Wemby is a boss and Pop is legend. So why are the San Antonio Spurs so bad?

LLet’s get this out of the way at the beginning: everyone loves Gregg Popovich. He is a five-time NBA champion, the league’s all-time winningest coach and led the U.S. Men’s National Team to a gold medal at the 2020 Olympic Games in Tokyo. Moreover, when a tragic event occurs in the world, Pop is the person in the NBA which most would like to hear from (Doc Rivers and Steve Kerr is next). But affection should not get in the way of a difficult question. So here goes: Why are the San Antonio Spurs so bad?

This year, the Spurs have a winning percentage of less than .200. They’ve barely had double-digit wins after playing 55 games (they’re 11-44). The Spurs also have one of the best and most exciting NBA players in rookie Victor Wembanyama, along with several other talented young guys like Devin Vassell, Keldon Johnson and Jeremy Sochan. Can we really live in a world where the New York Knicks are the paragon of decision-making and the Spurs are somehow the scum? But perhaps there is a method behind the team’s recent madness – let’s hope so for the sake of their fans.

Entering the 2023-24 season, the Spurs were the big winners of the offseason. They were given the right to select Wembanyama with the No. 1 pick in the 2023 draft. The 7-foot-1 big man from France is breathlessly hyped as the best prospect in the world the history of team sports. He can shoot from outside, dribble like a wing and defend like a spar. But like Wembanyama said, he came to the NBA doesn’t want to play centrally. With a slight build and a desire to showcase his outside skills, he didn’t want to be forced to shoot under the basket alone.

So the Spurs, led by their Hall of Fame coach, who recently signed an $80 million extension, agreed and started the season with a starting lineup that featured center Zach Collins and no true point guard. To the surprise of some NBA die-hards, the team got off to a slow start despite a pair of big wins in November against the Phoenix Suns. But during a late December game in Portland, when asked before the game if he had scouted rookie Scoot Henderson, Pop replied, “Have you checked our file?This means that he didn’t spend any time thinking about other players during the season this bad.

But now Wembanyama, who is averaging about 20 points, 10 rebounds and an edge of three-plus blocks per game (including 10 in a recent win), is play center. Collins is on the bench and Pop has finally moved on to starting young point guard Tre Jones. As a result, the Spurs even enjoyed a two-game winning streak in mid-January. In the second of those, San Antonio defeated Minnesota, one of the best teams in the league and a team with several talented big men. In that game, Wemby scored a triple-double with 23 points and Jones scored 12 points with 11 assists. The question, however, is whether 75-year-old Pop should have done this earlier. And if so, why didn’t he?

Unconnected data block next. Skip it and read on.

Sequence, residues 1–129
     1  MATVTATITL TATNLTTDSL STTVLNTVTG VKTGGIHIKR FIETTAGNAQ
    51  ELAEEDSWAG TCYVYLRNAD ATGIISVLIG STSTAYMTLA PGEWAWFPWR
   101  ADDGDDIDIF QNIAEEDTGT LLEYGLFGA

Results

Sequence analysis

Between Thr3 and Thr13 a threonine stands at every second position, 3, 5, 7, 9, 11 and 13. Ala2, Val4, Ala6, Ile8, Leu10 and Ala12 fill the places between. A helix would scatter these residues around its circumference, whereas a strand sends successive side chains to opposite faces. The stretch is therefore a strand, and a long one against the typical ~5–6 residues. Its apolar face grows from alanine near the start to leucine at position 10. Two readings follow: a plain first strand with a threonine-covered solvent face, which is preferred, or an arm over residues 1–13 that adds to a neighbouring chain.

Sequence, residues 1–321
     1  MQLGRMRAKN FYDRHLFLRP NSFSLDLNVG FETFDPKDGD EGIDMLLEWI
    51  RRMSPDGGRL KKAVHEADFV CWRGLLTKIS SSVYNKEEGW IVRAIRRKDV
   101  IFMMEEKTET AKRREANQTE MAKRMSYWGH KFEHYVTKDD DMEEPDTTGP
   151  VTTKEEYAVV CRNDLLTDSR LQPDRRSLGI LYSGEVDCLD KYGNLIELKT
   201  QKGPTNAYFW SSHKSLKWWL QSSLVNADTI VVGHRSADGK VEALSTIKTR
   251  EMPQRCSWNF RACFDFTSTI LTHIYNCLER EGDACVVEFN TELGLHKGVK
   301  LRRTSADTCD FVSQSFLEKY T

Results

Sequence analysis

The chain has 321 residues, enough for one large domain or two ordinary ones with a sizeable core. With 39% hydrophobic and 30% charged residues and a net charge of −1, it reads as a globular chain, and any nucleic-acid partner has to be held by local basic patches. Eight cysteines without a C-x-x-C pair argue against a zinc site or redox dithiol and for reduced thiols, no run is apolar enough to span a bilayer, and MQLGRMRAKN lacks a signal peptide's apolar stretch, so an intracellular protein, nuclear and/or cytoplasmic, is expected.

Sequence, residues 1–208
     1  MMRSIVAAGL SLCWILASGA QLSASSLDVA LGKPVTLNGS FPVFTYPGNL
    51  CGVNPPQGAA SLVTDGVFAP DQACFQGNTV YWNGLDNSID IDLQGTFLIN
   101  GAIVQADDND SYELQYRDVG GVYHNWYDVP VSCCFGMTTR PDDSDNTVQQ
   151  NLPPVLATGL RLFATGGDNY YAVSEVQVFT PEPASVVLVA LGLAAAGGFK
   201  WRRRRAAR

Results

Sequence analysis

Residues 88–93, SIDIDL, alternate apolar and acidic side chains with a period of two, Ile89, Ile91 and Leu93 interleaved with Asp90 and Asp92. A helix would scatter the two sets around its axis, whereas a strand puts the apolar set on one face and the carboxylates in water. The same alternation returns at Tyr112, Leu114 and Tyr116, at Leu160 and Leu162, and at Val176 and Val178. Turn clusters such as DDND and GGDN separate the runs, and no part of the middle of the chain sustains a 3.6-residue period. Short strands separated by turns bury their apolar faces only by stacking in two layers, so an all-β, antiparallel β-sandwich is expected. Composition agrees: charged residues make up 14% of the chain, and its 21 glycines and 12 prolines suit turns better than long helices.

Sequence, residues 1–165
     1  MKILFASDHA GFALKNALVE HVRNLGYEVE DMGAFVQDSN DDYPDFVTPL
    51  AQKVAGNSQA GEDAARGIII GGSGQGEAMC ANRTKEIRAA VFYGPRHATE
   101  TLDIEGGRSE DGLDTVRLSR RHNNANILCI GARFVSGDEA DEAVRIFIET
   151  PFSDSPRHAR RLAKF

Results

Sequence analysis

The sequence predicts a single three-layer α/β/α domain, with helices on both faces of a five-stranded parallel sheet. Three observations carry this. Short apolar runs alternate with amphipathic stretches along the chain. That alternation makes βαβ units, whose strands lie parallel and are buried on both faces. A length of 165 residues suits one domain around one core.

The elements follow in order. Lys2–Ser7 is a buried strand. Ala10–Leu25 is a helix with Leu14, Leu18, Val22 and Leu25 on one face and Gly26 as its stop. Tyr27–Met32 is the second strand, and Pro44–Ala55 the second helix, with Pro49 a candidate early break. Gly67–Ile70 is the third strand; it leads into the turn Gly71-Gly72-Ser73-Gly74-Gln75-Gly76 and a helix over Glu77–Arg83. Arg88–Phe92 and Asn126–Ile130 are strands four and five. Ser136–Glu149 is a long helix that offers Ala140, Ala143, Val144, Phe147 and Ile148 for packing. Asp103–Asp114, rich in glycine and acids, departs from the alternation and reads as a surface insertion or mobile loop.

Jeremy Sochan, Victor Wembanyama, Devin Vassell and Julian Champagnie of the San Antonio Spurs look on during a February game against the Toronto Raptors. Photo: Mark Blinch/NBAE/Getty Images

Ahead of the 2023/24 season, the coach said he and his team would work with a wait-and-see attitude. Wembanyama’s development. They wanted to bring him along slowly and let him and the people around him make their mistakes – better now than later, the thinking went. And that’s fine. Rookies take time, games and years. Spices. Early on, few rookies are likely contenders, even though Wemby should be on the level of players like Larry Bird and Magic Johnson. And both Pop and Wemby seem to be getting along well so far. Regardless, the biggest concern is this: could the lackluster 2023-2024 season negatively impact his development? Or that of his youthful supporting roles? Was Pop’s strategy indeed too risky?

Maybe. Every outcome is always possible. Even with the best care and intentions, injuries or setbacks can occur. However, when it comes to someone as big as Wemby, the concerns weigh even more heavily. As the Frenchman’s career unfolds, his best-case scenario is an NBA life like that of Kareem Abdul-Jabbar – another very tall, transcendent center who was famous in his teens. Kareem played for twenty years. The worst-case scenario, however, is someone who looks more like Yao Ming or Ralph Sampson: gargantuan, otherworldly talents whose time was cut short due to lower-body injuries. There is no guarantee that a newcomer will dominate in the future. And it seems that this is even less the case with a giant like Wembanyama. To put it succinctly, do Spurs really have time to mess around?

So where can experienced leadership help? There isn’t one outside of the rarely used Devonte’ Graham or journeyman Cedi Osman. Despite a lot of young talent, there are no players on San Antonio who have proven themselves as winners. For Wembanyama, who looks as much like a baby deer on the field as he does a generational player, sometimes he needs someone to tell him go there, do that. He’s out there too often playing with the ball, and that’s exactly where opponents want him. He can’t touch his toes inside the edge. In the Spurs’ last game before the All-Star break, the team lost to Dallas (who has two great point guards) 116-93. Is that okay to lose on 23? Wemby is 20 years old. Where are the adults to sharpen his game?